alternative

Intensity Ishow / hide

Not noticeable. Only registered by earth quake instruments

alternative

Intensity IIshow / hide

Hardly noticeable. Only perceived by resting persons in individual cases.

alternative

Intensity IIIshow / hide

Weak, only observed partially.

alternative

Intensity IVshow / hide

Largely observed. Perceived in houses by many persons, in the open just by a few persons.

alternative

Intensity IXshow / hide

General damage to buildings.

alternative

Intensity Vshow / hide

Rousing from sleep. Observed by everyone in houses, in the open by many persons.

alternative

Intensity VIshow / hide

Alarming. First slight damage to buildings

alternative

Intensity VIIshow / hide

Damage to buildings

alternative

Intensity VIIIshow / hide

Partial destruction of buildings.

alternative

Intensity Xshow / hide

Landslides. General damage to buildings. Cracks up to one metre wide in the ground.

alternative

Intensity XIshow / hide

Disaster. Serious damage to even best-constructed buildings. Numerous landslides and cracks in the ground.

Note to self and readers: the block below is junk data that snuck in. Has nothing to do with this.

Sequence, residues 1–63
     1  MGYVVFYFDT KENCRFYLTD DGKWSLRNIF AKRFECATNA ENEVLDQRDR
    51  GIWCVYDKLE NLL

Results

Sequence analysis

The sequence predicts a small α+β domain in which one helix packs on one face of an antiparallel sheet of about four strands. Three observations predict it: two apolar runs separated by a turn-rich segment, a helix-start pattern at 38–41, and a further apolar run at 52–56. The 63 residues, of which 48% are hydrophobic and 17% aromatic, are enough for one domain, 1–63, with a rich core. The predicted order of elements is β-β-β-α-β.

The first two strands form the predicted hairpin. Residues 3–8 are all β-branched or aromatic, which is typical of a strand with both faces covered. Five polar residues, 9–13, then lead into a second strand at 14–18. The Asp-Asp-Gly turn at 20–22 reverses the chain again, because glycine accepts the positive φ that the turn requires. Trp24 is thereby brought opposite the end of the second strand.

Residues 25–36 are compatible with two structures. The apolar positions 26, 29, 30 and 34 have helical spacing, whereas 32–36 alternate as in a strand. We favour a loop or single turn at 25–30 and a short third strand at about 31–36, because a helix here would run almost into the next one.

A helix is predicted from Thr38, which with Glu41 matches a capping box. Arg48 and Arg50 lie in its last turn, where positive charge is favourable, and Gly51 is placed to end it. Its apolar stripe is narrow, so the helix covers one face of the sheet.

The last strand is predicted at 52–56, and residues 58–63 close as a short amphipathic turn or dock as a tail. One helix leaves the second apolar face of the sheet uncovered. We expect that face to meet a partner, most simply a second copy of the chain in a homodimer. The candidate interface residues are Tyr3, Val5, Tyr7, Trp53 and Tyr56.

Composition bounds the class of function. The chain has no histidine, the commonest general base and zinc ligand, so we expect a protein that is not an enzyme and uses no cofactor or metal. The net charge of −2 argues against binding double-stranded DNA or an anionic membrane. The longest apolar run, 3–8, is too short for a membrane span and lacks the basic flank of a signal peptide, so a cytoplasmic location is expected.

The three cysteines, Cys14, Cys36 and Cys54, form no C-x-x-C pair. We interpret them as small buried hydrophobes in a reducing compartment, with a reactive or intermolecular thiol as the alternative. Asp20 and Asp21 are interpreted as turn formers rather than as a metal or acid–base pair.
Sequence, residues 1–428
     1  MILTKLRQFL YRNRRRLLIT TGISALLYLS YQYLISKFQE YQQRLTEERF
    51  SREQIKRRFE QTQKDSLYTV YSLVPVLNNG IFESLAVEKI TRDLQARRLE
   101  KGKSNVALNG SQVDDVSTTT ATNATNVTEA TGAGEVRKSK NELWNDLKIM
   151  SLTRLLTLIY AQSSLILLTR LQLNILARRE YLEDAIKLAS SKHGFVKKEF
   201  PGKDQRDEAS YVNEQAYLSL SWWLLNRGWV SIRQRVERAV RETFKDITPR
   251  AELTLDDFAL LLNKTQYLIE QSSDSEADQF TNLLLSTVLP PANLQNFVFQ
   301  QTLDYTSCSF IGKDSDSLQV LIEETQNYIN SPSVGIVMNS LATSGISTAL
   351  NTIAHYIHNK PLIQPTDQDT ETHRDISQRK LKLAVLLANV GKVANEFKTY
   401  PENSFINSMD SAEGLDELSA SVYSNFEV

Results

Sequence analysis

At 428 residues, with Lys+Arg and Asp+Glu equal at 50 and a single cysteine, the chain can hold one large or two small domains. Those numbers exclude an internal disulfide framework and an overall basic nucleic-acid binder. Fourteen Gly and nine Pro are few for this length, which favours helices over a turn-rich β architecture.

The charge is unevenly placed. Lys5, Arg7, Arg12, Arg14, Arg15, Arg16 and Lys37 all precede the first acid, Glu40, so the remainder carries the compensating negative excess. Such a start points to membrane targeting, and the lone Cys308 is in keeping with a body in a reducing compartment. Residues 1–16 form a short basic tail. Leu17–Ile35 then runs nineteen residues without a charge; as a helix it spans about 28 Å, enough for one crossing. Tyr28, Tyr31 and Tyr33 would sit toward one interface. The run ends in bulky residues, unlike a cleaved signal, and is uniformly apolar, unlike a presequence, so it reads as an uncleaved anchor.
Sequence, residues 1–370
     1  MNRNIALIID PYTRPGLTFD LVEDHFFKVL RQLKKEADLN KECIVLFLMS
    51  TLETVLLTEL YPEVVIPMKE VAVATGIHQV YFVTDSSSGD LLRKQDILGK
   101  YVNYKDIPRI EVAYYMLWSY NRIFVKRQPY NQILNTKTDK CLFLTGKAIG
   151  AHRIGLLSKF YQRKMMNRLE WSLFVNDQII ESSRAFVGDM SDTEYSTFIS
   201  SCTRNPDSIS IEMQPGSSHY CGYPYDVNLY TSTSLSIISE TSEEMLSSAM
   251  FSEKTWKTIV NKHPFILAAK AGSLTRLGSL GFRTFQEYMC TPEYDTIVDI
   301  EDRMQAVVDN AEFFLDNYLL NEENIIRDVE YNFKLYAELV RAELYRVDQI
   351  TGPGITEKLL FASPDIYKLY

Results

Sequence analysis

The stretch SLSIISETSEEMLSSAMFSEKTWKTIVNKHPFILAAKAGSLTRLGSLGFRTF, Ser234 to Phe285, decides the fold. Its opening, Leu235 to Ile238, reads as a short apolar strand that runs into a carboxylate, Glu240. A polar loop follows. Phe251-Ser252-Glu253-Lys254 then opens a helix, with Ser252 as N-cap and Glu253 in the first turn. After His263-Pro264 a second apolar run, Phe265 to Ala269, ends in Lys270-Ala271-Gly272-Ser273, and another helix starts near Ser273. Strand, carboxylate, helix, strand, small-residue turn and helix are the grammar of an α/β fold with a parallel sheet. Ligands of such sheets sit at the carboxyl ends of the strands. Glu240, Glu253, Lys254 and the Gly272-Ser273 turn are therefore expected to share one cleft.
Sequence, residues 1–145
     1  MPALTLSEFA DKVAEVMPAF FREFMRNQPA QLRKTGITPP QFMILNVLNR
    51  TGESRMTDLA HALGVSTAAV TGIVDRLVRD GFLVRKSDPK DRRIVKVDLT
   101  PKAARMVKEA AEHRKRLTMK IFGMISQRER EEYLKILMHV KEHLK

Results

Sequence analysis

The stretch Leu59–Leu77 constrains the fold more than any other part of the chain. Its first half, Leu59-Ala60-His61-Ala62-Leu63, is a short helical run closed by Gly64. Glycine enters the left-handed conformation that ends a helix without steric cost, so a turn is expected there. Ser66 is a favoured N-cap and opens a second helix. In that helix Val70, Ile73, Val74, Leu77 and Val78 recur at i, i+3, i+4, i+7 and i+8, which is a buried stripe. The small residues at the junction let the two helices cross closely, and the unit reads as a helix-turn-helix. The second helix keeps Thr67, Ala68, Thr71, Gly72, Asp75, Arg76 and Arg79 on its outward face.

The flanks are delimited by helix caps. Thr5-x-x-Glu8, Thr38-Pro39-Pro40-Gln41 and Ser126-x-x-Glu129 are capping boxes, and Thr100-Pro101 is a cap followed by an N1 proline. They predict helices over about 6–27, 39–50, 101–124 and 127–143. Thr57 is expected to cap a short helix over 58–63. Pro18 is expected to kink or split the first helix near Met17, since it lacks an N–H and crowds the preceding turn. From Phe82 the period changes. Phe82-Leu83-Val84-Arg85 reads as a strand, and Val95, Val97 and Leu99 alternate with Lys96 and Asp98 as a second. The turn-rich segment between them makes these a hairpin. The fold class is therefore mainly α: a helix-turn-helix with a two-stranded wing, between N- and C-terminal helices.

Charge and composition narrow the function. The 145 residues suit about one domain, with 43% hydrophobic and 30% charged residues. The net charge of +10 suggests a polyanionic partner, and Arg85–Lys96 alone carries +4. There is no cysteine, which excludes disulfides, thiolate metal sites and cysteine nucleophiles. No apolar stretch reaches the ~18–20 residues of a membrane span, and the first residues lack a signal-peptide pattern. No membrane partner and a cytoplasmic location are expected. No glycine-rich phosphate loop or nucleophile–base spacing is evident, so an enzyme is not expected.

alternative

Intensity XIIshow / hide

Changing landscape. Major transformation to the earth’s surface.

alternative

Interim storage show / hide

Temporally limited storage of spent fuel elements or radioactive waste prior to their disposal. Spent fuel elements are to be stored in decentralised interim storage facilities on the sites of the nuclear power plants, in fact until they have been conditioned suitably for disposal in a repository.

Interim storage facilities on the NPP site show / hide

Facilities where spent fuel elements can be stored in appropriate transport and storage containers on the site of a nuclear power plant until their conditioning suitable for disposal in a repository. Storage time is planned to be 40 years at maximum, starting at loading of the first container.